Impeachment is a scarlet letter for the President as he seeks re-election in 2020, but it may be the only one. The US economy is the envy of the world when it comes to economic growth. Unemployment is at the lowest level since the 1960s. The stock market continues to rise to new record highs. All of these factors would typically guaranty the re-election of a sitting President of the United States as citizens tend to vote with their pocketbooks. However, the unprecedented degree of political divisiveness in the US is likely to lead to a highly contentious November 2020 contest. Even though stocks moved higher throughout the House’s impeachment of President Trump last week, we could see lots of volatility as the next election approaches. Tax and regulatory reforms under the Trump administration fueled the stock market. Many of the policies offered by opposition party candidates could create significant shifts if the Democrats win the White House in November 2020. Fasten your seatbelts for 2020, the markets may have ignored impeachment, but they are not likely to do the same during the election season.

When it comes to commodities, trade trumped impeachment over the past week. Copper was above $2.80 per pound, NYMEX crude oil was north of $60 per barrel, and grains made significant gains since the “phase one” trade deal with China. At the end of last week, the House approved the USMCA trade deal with Canada and Mexico, which the Senate will pass. While the House of Representatives impeached President Trump on December 18, he will go into the 2020 election after fulfilling campaign promises made in 2016. Stay tuned for a wild year that will set the stage for the new decade that begins on January 1.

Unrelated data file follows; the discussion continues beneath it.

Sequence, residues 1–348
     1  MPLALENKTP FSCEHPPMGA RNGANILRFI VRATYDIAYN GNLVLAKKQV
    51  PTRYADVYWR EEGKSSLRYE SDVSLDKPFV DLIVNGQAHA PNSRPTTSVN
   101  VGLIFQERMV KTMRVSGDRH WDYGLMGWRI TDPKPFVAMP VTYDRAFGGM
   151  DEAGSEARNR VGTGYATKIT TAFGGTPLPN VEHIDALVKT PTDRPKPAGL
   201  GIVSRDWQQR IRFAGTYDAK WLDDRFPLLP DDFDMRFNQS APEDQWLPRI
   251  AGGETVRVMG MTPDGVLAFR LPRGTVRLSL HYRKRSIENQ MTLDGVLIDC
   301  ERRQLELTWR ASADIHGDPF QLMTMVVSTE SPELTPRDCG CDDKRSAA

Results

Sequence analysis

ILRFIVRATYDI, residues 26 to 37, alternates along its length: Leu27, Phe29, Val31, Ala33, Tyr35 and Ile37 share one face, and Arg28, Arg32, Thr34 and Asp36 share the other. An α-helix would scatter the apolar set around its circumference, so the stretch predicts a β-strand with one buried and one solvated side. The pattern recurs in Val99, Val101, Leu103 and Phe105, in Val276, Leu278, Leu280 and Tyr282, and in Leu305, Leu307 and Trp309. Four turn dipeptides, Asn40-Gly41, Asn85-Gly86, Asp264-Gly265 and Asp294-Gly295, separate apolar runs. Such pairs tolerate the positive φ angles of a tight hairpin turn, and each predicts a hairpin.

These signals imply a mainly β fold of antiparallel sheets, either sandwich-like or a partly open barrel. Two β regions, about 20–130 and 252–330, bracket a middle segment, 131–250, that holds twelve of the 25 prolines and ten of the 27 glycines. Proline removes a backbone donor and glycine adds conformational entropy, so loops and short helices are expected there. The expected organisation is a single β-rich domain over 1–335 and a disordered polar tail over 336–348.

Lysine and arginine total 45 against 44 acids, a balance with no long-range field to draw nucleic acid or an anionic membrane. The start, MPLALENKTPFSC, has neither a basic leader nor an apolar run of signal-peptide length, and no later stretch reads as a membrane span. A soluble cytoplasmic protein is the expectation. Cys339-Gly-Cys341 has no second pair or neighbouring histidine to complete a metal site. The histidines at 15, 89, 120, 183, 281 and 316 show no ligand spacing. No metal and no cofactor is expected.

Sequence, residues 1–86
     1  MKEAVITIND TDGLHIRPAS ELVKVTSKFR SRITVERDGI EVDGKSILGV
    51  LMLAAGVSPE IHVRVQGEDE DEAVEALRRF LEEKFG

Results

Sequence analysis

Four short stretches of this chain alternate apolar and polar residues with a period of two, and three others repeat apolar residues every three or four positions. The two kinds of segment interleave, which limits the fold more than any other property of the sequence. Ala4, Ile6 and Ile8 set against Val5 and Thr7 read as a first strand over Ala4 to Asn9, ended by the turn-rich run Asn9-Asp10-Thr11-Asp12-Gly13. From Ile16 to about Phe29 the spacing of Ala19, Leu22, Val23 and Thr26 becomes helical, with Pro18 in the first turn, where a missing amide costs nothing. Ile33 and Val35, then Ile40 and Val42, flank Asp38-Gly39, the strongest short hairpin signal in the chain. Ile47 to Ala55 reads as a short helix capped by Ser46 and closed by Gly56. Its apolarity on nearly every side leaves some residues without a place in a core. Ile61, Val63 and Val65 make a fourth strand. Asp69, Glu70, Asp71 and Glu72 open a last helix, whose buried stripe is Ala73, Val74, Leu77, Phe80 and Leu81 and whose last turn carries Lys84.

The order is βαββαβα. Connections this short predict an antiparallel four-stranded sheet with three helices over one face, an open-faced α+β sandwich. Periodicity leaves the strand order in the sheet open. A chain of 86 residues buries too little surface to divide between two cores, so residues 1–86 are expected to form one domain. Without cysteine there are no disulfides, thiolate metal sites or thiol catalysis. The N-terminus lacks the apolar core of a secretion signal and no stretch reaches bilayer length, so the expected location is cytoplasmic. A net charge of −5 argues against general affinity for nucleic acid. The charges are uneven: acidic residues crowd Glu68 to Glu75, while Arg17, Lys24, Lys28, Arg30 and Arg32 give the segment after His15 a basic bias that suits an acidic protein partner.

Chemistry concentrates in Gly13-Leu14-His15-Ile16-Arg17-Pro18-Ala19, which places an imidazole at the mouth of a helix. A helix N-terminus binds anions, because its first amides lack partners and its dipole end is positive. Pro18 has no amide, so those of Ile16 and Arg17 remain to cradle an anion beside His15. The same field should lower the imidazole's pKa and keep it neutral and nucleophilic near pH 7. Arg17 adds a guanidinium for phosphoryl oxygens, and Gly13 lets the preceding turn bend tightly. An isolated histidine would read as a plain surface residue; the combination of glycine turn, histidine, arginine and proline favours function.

Highlights in commodities:

  • February gold falls just 0.02% and settled at $1480.90 per ounce
  • March silver rises 1.25% on the week as the volatile precious metal settled at $17.224 per ounce
  • Platinum posts a 1.61% loss on the week. January platinum was at a $567.10 per ounce discount to February gold futures, which widened since last week
  • March palladium moved 4.37% lower for the week as it corrected to just over $1800 per ounce after reaching a new record high at $1974.60 on December 17
  • March copper moved 0.90% higher as the red metal sits at the $2.8060 level
  • January iron ore futures moved 2.43% lower on the week
  • The BDI fell 12.03% since December 13 to the 1221 level
  • January Rotterdam coal fell 2.55% since last week
  • January lumber moved 2.15% higher since December 13 as the price moved above the $410 per 1,000 board feet level
  • February NYMEX crude oil moved 1.26% higher since December 13 on the back of the trade and OPEC output cuts
  • February Brent crude oil moved 1.46% higher since the previous report as Brent outperformed NYMEX crude oil